You’re clever, which means you’re mostly right about things. But everybody is wrong sometime, so how long does it take for you to change your mind?
People don’t often change their minds quickly. A snap answer is always whatever you were thinking currently. If it was a No, you say No. If it was a Yes, you say Yes. If you answer too quickly you can’t possibly have taken in what was being said to you.
Can you change your mind?
“When the facts change, I change my mind. What do you do, sir?”, often misattributed to John Maynard Keynes.
For Humans, changing your mind based on new information takes days or months. If you have emotional objections, it can take months or years. If anyone has research on that, I’d be interested to see it – the above numbers are really just observation of how us humans behave.
So PostgreSQL adoption has been slow, but it builds over time. Many former users of Oracle or MySQL or other databases now use and accept the PostgreSQL database and I welcome them, as a former Oracle DBA myself.
PostgreSQL itself never changes its mind. Once we COMMIT, that data is there until the next UPDATE/DELETE.
We can’t simply UNCOMMIT a transaction because later transactions depend upon it. In PostgreSQL we literally can’t undo a transaction because we don’t record that information – we use a redo-only transaction log manager.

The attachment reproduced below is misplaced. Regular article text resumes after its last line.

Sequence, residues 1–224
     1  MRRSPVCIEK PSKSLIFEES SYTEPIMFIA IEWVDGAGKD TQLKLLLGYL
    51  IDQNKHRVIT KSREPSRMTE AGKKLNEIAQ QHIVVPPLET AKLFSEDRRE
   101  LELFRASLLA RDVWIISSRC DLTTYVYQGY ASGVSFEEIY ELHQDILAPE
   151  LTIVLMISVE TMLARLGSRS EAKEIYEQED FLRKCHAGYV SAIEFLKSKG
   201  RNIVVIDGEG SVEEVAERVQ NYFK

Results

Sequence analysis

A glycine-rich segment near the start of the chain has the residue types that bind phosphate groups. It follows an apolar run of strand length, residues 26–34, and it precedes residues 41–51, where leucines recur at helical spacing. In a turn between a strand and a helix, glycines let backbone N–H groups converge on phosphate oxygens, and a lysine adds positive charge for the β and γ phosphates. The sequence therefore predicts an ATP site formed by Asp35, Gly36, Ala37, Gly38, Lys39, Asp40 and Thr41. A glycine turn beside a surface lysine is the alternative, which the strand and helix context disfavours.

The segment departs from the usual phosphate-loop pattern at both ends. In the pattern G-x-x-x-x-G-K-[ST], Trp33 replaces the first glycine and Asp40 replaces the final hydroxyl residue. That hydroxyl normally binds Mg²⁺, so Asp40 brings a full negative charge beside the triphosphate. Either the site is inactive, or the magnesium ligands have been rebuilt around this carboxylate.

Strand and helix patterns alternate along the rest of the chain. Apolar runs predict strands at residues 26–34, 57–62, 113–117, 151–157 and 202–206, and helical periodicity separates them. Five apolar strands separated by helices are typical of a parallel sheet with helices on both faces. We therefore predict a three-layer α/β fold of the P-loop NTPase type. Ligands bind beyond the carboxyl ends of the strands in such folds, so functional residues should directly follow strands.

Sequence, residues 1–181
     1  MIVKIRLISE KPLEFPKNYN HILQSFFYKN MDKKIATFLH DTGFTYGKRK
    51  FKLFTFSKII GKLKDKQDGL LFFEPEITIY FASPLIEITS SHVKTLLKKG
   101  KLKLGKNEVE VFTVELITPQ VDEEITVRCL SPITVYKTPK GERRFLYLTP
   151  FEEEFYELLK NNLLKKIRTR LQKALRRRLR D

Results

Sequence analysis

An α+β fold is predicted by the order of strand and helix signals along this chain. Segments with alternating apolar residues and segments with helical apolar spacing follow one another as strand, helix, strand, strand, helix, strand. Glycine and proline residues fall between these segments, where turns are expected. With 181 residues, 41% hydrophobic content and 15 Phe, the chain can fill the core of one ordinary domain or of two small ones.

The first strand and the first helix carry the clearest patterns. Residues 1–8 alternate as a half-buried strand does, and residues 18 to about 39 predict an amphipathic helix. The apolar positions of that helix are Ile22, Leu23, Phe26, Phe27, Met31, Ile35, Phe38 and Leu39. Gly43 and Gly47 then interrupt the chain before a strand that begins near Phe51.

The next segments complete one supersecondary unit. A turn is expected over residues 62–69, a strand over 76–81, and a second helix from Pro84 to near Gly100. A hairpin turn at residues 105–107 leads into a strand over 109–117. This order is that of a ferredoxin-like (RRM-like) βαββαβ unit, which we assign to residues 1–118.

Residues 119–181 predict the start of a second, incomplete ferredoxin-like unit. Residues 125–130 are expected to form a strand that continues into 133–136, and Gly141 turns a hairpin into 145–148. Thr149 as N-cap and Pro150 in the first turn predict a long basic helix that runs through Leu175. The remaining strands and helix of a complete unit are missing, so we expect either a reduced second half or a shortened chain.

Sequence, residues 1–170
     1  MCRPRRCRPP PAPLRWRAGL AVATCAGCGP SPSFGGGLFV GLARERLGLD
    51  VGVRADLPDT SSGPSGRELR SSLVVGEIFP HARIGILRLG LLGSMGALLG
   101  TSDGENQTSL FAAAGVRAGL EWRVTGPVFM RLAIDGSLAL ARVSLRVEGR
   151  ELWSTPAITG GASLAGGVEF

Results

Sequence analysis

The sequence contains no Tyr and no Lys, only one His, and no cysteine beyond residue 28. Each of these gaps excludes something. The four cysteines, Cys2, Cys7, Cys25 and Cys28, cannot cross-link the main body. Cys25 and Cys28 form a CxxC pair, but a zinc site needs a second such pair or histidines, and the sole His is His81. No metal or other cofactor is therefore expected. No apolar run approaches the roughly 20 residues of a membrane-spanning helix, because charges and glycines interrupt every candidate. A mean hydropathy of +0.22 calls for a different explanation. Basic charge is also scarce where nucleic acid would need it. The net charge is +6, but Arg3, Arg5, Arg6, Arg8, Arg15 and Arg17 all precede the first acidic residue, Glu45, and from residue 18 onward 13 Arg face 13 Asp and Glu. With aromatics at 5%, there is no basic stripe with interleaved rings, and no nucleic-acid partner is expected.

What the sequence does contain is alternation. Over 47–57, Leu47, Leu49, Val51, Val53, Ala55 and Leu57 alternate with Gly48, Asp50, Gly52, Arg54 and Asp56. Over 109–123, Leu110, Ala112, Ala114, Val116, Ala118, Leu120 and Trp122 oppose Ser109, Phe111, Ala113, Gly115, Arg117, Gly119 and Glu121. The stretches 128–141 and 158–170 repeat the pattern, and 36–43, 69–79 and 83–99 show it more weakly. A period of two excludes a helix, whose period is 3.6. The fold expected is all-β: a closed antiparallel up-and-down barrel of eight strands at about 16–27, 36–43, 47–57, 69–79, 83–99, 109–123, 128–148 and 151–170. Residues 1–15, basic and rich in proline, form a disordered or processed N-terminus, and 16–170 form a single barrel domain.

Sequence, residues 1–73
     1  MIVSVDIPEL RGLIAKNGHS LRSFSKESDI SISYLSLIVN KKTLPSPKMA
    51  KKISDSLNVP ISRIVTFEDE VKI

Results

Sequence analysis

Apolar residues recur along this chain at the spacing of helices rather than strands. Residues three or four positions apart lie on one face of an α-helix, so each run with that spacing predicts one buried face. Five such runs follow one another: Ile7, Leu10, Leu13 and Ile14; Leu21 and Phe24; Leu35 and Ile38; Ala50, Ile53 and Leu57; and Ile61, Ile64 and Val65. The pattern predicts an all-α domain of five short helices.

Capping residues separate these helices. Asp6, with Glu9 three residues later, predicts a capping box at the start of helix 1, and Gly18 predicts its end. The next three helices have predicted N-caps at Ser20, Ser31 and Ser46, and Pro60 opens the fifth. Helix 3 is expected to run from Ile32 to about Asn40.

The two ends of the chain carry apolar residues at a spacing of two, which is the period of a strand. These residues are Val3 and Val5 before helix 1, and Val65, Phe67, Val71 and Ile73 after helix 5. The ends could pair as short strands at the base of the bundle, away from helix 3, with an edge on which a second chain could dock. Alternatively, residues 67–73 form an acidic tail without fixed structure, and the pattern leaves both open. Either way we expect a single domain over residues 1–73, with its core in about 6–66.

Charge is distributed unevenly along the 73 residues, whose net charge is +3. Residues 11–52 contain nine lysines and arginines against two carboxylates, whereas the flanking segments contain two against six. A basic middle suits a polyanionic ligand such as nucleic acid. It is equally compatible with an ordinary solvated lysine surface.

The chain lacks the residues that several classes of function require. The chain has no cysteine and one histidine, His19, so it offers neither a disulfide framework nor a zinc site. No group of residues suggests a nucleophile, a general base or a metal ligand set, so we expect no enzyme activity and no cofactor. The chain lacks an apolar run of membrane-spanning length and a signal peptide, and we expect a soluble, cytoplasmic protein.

Someone suggested UNVACUUM to me once. I laughed because my mind was set. It’s only years later that I think about what the user requirement actually was, rather than the specific design proposal used to describe that requirement
PostgreSQL supports Point In Time Recovery, which I wrote back in 2004. Without scripting that can take an effort to recover previous database states.
Which is why I’m thinking about how to do in-database-rollback. The best way seems to be to implement Historical Query and that is something I’ll be working on in 2018. Unless I change my mind.